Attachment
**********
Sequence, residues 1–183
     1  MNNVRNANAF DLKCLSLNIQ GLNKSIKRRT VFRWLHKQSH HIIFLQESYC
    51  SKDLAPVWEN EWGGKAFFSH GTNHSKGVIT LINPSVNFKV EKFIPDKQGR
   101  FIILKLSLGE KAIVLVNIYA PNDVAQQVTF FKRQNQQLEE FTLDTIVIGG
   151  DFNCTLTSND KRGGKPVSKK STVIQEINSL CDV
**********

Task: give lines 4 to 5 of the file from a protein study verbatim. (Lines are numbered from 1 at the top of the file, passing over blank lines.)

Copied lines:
   101  FIILKLSLGE KAIVLVNIYA PNDVAQQVTF FKRQNQQLEE FTLDTIVIGG
   151  DFNCTLTSND KRGGKPVSKK STVIQEINSL CDV